One little quibble: No country is obligated to observe U.S. patents for making, using, or selling stuff within its own border, or selling to countries other than the U.S. In my years of practice as a registered patent agent (now retired; this may be dated and certainly isn’t legal advice), I never heard a client express any interest whatsoever in obtaining a Russian patent. There is a PCT international patent application, but it serves only as a launchpad for possible individual patent applications down the road in the various countries or the EU. Few clients ever followed up with those up anywhere but the major industrial powerhouses.

dirt15 said...

Yes, a great column, thank you Kurt.We do seem to be at some turning point now with no going back.

I wonder if you have heard the views of Professor John Mearsheimer? His excellent talk to Kings College students on Ukraine is well worth watching as it throws the spotlight on Natos' pressuring of Russia for many years now, giving the lie to the West's outraged claims that Russia's attack is "unprovoked", which of course, it is not.

I expect we will now see a great deal of human misery as energy depletion accelerates.

JAD said...

I feel the need to reply to dirt15's comment. I can see how the expansion of NATO under Clinton and GWB may look to Putin like "pressure" and may have been strategically unwise. But anyone who has traveled in any of the former Soviet states in eastern Europe knows how much their citizens passionately hate Russia for its decades of occupation and repression. NATO began and has always been a defensive bulwark against Russian imperialism. Everyone hoped that the integration of the world economy through trade would promote peaceful relations and prevent things like the current Ukraine war from happening. But it appears that Ukraine's desire to join the European economic community and NATO - a desire that NATO members could have pursued years ago but didn't, for reasons which are today painfully obvious - has been the tipping point to trigger Putin's anger at his failure to reverse the tide of the decline of Russia as a world power. In summary, his attack on Ukraine was absolutely unprovoked in any true sense of the word; this is clearly demonstrated through all the bogus reasons he is offering for the war. Ukraine's independence presents a clear threat, all right, but only to Putin's grandiose dreams of reviving the Soviet Union.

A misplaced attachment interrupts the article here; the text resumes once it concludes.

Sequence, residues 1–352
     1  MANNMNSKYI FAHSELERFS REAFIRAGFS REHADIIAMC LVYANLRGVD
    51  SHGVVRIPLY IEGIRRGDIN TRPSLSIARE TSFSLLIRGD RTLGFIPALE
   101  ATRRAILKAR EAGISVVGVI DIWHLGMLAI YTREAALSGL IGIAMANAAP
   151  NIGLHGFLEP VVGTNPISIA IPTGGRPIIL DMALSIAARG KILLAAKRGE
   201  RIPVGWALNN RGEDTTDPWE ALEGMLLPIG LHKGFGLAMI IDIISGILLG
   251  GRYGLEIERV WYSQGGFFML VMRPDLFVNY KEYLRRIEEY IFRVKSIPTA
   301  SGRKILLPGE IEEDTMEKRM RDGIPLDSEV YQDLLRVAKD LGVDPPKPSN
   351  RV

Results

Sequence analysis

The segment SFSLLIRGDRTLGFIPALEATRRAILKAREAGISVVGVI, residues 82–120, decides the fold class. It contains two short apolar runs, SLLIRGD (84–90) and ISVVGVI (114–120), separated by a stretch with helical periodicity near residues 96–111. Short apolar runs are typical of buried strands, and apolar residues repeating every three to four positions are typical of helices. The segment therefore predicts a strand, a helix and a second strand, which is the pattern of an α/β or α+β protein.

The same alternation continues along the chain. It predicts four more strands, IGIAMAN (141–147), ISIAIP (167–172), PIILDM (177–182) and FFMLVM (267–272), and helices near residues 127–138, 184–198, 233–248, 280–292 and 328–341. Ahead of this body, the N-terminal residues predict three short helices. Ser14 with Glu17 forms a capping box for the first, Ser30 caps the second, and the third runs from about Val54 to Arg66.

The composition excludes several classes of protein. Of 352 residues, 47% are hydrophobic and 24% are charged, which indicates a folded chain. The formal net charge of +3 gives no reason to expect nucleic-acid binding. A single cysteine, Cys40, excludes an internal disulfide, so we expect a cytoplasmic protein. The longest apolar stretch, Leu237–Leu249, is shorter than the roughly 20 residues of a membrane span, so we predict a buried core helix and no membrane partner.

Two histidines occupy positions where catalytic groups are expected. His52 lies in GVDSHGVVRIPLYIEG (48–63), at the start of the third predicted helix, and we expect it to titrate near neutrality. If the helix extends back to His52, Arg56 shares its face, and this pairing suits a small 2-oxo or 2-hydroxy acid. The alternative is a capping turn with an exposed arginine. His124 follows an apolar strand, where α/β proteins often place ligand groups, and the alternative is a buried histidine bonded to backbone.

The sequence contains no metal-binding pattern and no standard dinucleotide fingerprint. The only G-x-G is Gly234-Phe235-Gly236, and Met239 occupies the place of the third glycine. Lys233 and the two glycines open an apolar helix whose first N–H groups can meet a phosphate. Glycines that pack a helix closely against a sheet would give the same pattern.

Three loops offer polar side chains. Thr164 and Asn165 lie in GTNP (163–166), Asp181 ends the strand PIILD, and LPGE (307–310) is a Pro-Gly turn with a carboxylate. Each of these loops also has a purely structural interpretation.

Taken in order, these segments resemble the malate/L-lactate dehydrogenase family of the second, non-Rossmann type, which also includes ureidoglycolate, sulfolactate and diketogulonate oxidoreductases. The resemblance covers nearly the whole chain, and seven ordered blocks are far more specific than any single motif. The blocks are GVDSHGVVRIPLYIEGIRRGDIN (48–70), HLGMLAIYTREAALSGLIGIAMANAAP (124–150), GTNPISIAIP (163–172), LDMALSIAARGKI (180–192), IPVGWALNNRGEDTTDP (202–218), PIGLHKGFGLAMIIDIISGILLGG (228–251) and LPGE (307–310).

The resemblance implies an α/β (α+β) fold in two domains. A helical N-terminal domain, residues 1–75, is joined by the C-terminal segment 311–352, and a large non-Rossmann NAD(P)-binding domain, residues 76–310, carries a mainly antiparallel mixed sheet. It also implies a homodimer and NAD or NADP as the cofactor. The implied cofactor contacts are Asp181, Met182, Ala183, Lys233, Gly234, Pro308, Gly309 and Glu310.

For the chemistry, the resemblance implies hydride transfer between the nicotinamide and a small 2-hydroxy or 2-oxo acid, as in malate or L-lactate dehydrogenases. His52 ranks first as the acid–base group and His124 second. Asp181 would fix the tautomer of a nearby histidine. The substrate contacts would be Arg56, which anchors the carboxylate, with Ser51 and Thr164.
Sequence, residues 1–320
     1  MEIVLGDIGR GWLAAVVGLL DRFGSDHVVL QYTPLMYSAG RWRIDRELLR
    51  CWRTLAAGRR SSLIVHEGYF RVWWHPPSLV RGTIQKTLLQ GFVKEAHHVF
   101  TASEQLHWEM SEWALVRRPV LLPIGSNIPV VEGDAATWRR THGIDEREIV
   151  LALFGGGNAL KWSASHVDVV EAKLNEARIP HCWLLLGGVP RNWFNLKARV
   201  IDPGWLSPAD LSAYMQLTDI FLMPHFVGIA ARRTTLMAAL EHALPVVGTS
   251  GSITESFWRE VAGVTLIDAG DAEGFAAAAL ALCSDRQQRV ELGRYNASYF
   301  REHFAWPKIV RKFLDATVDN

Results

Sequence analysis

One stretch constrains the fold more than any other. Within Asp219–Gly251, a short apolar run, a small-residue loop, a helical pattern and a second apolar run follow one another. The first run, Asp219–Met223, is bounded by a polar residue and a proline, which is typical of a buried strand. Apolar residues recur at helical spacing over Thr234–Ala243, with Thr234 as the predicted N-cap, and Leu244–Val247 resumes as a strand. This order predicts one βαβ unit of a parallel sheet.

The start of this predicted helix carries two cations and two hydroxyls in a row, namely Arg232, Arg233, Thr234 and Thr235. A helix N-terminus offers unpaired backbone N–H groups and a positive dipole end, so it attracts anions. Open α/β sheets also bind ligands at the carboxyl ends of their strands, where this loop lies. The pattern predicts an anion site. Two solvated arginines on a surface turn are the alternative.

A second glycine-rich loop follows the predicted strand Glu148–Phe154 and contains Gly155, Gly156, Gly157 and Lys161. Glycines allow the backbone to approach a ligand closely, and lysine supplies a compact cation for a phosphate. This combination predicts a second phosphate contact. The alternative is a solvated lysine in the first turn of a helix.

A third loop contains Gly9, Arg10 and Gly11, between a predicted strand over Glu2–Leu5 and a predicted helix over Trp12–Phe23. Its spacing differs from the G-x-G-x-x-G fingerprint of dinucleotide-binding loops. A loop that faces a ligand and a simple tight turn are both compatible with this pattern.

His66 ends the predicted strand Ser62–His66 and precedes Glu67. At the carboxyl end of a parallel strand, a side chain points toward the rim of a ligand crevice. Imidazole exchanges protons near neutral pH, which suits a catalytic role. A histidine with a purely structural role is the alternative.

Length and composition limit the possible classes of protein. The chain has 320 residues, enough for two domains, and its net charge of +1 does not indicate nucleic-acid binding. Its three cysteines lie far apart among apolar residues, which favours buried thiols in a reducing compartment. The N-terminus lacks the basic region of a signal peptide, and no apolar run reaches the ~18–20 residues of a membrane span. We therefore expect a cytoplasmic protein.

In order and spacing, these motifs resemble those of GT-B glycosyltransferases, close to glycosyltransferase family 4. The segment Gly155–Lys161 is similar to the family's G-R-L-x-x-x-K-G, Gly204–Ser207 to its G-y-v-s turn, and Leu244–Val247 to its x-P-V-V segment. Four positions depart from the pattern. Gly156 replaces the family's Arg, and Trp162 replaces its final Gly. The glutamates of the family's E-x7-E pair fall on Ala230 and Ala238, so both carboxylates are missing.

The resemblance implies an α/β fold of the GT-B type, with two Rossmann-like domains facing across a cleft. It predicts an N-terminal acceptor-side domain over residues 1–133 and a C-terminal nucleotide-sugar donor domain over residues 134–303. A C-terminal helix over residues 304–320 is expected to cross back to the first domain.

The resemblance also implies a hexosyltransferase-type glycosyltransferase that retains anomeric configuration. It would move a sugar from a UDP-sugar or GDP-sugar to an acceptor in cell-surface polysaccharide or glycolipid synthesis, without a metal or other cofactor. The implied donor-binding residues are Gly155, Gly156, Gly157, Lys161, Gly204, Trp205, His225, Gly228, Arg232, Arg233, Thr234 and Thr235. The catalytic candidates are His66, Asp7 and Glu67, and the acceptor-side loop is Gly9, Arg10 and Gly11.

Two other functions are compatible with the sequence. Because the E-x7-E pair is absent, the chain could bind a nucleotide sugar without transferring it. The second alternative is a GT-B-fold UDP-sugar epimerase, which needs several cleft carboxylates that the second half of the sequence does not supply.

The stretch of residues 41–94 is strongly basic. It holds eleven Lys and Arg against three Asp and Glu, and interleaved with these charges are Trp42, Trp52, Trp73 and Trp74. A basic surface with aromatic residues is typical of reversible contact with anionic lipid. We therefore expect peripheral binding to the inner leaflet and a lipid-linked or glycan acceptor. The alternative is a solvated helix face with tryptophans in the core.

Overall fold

Rubicon said...

Thank you for your common sense and plain-spoken words that seem to be in very short supply in the West.

As you note, countries may end up having to be self-reliant. A trait that today's America and its Financial powers will balk at doing. After all, by the early 2000s, the US Govt. and the US Financial World, purposely destroyed all its Industry by off-shoring several millions jobs overseas.
Unlike most all other nations, who still maintain their industries and labor forces, the US no longer produces anything that, in the past provided good paying jobs, food, and a good quality living standard. All that has long since been destroyed.

As an aside, we recommend people here watch the new online documentary by Oliver Stone. He reveals what really happened in Ukraine in the early to later 2000s. Between that film and speaking to Russians and Ukrainians in Europe, it certainly broadened our understandings as to why and under what conditions President Putin & his staff launched a few weeks ago.

Anonymous said...

Interesting, West seizes Russian luxury yachts and Russia seizes western factories. How is this going to work out?